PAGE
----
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Surf and Bird

Morris Graves ( ca. 1940 )

Collection item 0844
  • Period Twentieth-Century
  • Materials Opaque watercolor on paper
  • Object Number 0844
  • Dimensions 26 3/8 x 29 3/4 in.; 66.9925 x 75.565 cm.
  • Credit Line Acquired 1942; © Morris Graves Foundation.

Duncan Phillips was first exposed to the art of Morris Graves in 1942 when he visited an exhibition at New York’s Museum of Modern Art. Response to the paintings by the unknown artist from Seattle was overwhelmingly positive, and Phillips echoed the views of many art critics: “Graves was the sensation of the show. When we discovered Graves, and he became a national celebrity, it was the immediate impact of an original genius.”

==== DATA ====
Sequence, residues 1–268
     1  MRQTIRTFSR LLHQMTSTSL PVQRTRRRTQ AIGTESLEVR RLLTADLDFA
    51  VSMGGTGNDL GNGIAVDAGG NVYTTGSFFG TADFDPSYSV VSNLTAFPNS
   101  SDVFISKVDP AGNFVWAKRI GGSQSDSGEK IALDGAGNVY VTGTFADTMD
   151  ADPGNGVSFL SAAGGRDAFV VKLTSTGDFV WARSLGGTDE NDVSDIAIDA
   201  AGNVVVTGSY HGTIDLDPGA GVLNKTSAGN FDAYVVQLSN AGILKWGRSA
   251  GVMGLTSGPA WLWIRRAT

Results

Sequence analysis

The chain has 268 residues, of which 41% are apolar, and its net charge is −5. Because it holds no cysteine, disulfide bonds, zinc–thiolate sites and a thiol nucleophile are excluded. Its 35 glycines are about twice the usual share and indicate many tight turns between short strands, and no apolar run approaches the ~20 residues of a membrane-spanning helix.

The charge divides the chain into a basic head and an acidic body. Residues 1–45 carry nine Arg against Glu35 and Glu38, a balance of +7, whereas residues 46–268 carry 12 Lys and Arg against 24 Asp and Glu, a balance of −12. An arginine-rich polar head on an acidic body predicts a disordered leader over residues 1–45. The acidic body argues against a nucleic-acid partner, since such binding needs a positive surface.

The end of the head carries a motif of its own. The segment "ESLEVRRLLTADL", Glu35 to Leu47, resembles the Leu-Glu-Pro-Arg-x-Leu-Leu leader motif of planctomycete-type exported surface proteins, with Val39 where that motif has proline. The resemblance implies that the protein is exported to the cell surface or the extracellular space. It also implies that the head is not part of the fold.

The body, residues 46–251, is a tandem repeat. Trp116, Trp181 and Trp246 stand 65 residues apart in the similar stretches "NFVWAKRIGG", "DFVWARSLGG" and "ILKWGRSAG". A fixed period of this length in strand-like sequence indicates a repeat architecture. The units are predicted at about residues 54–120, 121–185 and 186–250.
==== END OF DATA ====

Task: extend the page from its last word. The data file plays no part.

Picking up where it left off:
Surf and Bird reflects Graves’s fascination with birds and illustrates the variety of means at his disposal for depicting them. According to Graves, the bird is often a symbol of solitude, as strikingly conveyed in his paintings of single birds surrounded by the sea or by darkness. The birds almost appear human in their expression of emotion. Duncan Phillips recognized this quality, observing, “Graves is seeking… to symbolize the fate of man through the fate of birds.”